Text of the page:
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Democrats Press Green New Deal While Socialism Breaks Venezuela

Townhall Review with Hugh Hewitt – February 16, 2019

Larry Elder looks at the trend toward socialism with a closer look at his home state, California. Sebastian Gorka talks with Lanhee Chen about the Green New Deal. Hugh Hewitt asks Senator Tom Cotton if his Congressional colleagues knew what they were doing when they endorsed the Green New Deal. Hugh Hewitt and retired Admiral James Stavridis, former head of the Southern Command, talk about what’s happening in Venezuela. Mike Gallagher talks with Texas state legislator Tan Parker about his efforts to combat the growing late-term abortion movement. Dennis Prager asks National Review’s Kyle Smith of the alleged attempted lynching of actor Jussie Smollet is real…or a hoax. Dennis Prager and economist Alex Epstein talk industrial progress and how the New Green Deal could reverse the progress. Dennis Prager asks Focus on the Family CEO Jim Daly about their efforts to counter the threat to life in the wake of the pro-abortion avalanche.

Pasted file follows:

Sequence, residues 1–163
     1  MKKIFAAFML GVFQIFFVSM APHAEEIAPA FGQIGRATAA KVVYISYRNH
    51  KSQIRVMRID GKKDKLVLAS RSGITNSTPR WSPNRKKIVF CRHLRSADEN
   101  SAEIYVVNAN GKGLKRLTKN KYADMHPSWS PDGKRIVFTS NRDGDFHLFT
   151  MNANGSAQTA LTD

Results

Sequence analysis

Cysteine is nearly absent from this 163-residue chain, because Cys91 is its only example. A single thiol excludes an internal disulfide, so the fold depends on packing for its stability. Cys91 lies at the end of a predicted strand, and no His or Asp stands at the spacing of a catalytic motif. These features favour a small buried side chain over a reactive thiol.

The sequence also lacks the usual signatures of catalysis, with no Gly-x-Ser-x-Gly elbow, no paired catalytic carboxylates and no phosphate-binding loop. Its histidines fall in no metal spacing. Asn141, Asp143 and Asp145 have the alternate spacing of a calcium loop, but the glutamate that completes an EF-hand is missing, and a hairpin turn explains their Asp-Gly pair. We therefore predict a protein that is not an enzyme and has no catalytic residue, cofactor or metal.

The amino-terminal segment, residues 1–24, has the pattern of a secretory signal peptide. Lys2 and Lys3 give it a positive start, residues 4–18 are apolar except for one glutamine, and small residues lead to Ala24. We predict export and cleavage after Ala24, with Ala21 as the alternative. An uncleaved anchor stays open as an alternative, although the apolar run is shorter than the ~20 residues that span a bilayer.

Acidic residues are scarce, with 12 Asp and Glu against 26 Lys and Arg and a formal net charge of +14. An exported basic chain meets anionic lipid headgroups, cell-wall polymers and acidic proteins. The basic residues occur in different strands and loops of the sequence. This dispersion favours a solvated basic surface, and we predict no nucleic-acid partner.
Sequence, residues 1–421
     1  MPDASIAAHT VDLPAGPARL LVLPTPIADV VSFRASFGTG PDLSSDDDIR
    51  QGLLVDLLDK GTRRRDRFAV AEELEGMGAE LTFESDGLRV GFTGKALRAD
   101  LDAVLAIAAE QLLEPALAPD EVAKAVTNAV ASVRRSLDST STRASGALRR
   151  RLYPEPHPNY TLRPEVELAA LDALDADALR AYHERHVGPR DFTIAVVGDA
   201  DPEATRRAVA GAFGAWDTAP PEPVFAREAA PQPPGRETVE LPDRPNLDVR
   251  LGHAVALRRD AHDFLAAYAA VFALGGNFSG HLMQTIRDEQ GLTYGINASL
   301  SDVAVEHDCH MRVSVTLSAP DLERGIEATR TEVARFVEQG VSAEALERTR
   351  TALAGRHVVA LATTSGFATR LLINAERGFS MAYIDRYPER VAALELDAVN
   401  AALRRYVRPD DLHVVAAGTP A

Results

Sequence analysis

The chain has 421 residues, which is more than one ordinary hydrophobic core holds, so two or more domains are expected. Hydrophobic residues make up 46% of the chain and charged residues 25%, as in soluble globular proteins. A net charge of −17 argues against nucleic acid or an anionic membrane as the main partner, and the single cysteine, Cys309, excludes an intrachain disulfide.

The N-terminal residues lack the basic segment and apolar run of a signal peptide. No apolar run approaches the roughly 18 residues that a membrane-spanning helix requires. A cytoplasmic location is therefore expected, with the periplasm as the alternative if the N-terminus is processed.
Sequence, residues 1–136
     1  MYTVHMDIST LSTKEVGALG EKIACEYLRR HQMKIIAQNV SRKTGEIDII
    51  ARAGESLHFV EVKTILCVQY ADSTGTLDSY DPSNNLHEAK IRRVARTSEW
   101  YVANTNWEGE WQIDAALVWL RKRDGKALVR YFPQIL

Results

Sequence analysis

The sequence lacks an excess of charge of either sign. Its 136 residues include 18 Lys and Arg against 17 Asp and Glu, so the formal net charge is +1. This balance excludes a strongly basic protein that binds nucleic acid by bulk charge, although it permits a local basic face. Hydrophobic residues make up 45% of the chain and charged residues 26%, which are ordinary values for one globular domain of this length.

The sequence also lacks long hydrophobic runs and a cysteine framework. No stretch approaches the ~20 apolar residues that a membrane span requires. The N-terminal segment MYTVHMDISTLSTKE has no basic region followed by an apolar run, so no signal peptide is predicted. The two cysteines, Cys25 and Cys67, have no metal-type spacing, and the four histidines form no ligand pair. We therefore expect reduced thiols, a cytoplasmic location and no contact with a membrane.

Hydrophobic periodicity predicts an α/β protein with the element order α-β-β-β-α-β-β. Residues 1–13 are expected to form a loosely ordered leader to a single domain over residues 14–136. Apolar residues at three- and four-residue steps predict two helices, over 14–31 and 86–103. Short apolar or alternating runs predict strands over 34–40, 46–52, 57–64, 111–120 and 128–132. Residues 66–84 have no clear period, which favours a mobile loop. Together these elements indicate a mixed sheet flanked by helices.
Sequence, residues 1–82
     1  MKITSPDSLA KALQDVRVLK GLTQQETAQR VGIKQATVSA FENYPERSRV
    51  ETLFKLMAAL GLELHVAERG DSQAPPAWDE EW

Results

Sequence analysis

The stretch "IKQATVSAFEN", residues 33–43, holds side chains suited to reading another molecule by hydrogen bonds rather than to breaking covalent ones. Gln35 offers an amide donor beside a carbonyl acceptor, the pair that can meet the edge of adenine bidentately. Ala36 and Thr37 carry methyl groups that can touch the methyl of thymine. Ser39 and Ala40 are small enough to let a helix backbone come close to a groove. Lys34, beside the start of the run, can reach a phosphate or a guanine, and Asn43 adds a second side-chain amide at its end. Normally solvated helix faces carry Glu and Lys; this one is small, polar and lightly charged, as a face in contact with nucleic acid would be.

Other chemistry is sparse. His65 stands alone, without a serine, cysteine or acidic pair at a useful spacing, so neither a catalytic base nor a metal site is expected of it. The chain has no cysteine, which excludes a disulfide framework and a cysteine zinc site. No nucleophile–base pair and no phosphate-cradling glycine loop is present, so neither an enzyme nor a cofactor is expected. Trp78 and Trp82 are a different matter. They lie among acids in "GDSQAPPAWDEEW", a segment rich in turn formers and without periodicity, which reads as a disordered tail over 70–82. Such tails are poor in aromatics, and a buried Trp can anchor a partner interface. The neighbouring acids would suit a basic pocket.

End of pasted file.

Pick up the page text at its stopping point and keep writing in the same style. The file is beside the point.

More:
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Lanhee Chen: Kamala Harris Wants to Eliminate Private Health Insurance

Liberal California Senator Kamala Harris made a splash last week when she launched her campaign for president.  The signature idea she plans to run on?  A single-payer, government-run health care system called Medicare-for-all.

It all sounds great until you realize what it means for your health care and mine.  Put simply, if you like your health care plan, say goodbye to it.  In her own words, she said of private health insurance: “Let’s eliminate all of that. Let’s move on.”

So, let’s be clear about what she means.  Medicare-for-all would take away the health care that 150 million American workers rely on, and replace it with a liberal pipe-dream that will result in the rationing of care, higher taxes, and lower the quality of care.

Our health care system is still too expensive and inaccessible for far too many Americans. But completely replacing it with a socialist-style health reform isn’t the right answer.